cannot go into conferences and sign conventions, only to have them

become an irony in terms of what is happening in our countries. This

will eventually allow for open debates on where the headquarters of

our continental organisations should be.



It is our duty to raise these uncomfortable questions even with our

own executive. Our Constitution is founded on the principle of

respect for human rights. We need to emphasise that workers’ rights

are also human rights. Let me take forward this train of thought: As

a result of South Africa’s relatively strong economic position on

the continent, South African companies have expanded rapidly into

the rest of the continent, bringing jobs and investment.
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A less charitable interpretation is that South African capital acts

as a sub-imperialist power on the continent in pursuit of profit at

any cost. Can I suggest that this house needs to be developing a

code of conduct for such companies, so that they respect labour and

human rights while acting in partnership with other countries to

promote sustainable and socially responsible development.



The Shell company was recently embarrassed by its activities in

Nigeria. South African companies should learn from that.



As this Legislature, I believe we have recently come down heavily on

the side of promoting peace and democracy on the continent. Let me

quote from the ANC 2008 briefing document on foreign affairs:



 In reality, a symbiotic relationship exists betw een armed

 conflicts and economic poverty. Where armed conflict is

 widespread, economic poverty is exacerbated and sustainable

 development becomes impossible. In countries where poverty

 increases, the risk of instability and violence grows which means

 that poverty and underdevelopment are nothing less than a threat

 to democracy, peace and stability. This is because these economic

 realities generate conflict between individuals, communities and

 even countries.



Let me quote from the concluding remarks of President Obama’s recent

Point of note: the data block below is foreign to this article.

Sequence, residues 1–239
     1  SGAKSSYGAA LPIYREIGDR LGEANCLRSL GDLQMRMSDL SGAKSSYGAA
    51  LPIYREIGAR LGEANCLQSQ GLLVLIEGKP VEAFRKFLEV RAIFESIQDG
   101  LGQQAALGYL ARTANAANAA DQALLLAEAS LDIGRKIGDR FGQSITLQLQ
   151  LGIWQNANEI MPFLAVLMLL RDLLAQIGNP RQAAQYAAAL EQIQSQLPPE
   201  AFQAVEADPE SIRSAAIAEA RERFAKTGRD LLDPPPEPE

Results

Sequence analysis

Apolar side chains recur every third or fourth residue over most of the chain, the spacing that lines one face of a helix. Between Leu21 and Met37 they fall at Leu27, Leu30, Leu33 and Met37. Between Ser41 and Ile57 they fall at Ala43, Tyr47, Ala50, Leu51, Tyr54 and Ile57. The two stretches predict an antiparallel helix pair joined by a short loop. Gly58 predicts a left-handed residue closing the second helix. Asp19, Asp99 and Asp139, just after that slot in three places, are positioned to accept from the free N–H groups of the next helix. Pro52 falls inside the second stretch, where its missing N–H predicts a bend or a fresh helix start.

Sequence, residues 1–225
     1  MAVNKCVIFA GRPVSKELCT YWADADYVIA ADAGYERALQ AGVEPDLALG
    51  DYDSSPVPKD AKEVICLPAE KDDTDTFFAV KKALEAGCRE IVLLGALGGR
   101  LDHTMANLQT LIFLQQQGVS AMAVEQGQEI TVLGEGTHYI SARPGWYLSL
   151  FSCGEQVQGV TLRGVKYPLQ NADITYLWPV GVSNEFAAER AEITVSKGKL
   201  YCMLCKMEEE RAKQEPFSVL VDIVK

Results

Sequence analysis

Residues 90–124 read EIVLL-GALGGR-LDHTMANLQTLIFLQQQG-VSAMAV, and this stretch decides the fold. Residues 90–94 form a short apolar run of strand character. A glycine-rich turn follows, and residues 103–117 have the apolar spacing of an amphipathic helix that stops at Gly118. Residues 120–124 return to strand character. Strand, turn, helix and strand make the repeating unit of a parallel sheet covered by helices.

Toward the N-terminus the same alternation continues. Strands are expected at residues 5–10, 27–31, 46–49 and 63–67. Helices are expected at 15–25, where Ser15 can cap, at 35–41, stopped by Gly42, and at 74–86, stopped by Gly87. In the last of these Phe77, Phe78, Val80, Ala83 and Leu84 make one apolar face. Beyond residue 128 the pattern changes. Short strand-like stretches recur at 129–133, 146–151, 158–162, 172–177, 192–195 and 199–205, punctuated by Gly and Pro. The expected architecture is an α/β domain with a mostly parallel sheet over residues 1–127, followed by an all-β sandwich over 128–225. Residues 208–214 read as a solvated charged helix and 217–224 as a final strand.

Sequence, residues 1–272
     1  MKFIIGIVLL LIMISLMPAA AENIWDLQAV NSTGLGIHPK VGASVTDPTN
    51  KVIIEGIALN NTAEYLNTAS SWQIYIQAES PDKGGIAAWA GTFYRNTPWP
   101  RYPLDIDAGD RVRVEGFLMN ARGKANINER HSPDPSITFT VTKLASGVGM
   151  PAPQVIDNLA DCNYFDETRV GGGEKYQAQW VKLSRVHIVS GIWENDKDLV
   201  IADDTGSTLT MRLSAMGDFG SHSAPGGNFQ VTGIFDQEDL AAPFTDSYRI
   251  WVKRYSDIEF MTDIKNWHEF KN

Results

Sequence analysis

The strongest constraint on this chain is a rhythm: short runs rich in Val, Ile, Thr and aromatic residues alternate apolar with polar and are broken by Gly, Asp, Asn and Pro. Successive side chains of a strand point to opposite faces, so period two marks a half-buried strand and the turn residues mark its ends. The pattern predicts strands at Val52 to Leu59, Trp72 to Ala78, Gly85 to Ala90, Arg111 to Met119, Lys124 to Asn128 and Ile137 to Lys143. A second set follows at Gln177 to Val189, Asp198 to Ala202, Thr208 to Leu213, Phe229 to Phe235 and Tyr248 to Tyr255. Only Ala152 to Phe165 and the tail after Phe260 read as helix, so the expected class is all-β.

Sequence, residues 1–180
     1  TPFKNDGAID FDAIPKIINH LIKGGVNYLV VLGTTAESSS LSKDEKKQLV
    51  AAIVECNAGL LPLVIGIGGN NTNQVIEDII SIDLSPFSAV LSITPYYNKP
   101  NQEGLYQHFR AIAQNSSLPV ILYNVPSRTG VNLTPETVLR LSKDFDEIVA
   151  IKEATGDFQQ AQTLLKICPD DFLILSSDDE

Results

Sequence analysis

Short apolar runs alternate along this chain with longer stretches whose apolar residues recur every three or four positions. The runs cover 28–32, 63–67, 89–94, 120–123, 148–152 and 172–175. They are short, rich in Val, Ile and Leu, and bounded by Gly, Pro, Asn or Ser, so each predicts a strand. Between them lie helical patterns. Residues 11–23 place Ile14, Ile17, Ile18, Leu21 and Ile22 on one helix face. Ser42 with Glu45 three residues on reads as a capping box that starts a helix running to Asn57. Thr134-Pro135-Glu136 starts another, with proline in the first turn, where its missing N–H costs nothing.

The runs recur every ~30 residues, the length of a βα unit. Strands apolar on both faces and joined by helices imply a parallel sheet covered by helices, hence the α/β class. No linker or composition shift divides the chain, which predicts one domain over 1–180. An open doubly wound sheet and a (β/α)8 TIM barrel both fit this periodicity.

speech in Egypt, when he said:
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 The Talmud tells us: “The whole of the Torah is for the purposes

 of promoting peace.”



 The Holy Bible tells us: “Blessed are the peacemakers, for they

 shall be called sons of God.”



However, we will not be able to move towards finding lasting peace

throughout the globe under the current global governance. It is our

duty to ensure that we foster a world where there is universal

respect for human rights; where international security, development

and adherence to international law are actively promoted.



The debate, as you correctly said, Minister, on the reform of the UN

and in particular the UN Security Council, has been going on for a

while now without any significant movement. It is understood that it

is a great challenge to force change from above as countries that

hold the veto power in the UN Security Council are reluctant to

change the rules of the game.



Hon members, I thank you for your indulgence as I’ve digressed long

enough. To return to the Minister’s speech, let me comment briefly

on the proposed SA Development Partnership Agency, which is crucial,

I believe, to strengthening the African agenda.



As South Africans and Africans, for too long we’ve been passive

recipients of aid, often with conditions attached. It is with pride
EPD 18 JUNE 2009                            PAGE: 24 of 91


that I look forward to the day that, as South Africans, we become

net exporters of development aid.



I believe that this development reflects our commonly held belief

that the economic wellbeing of this country is inextricabl y linked

with the development of the continent at large. In particular, I

believe that we have an obligation to assist in the development of

the Frontline States and the neighbouring states, which sacrificed

so much in the fight against the apartheid regime.



Let us remember those who died; let us remember the raids launched

from this country by the racist apartheid army on Lesotho, Namibia,

Botswana, Angola and Mozambique, during which innocent people were

butchered in their sleep. Those countries suffered in defence of our

cause, even economically.



The agency, clearly, has a role to play in expediting the

implementation of the co-operation agreements, not only with our

neighbouring states, but also with the rest of our development

partners, especially in the South. We hope that this will lead to

the wider regional development and contribute to sustained peace

that will be the foundation for building democratic societies.



South Africa should broadly seek to strengthen bilateral relations

with the African states at all levels of interaction, including at

grassroots level. South Africa should seek to build bridges with the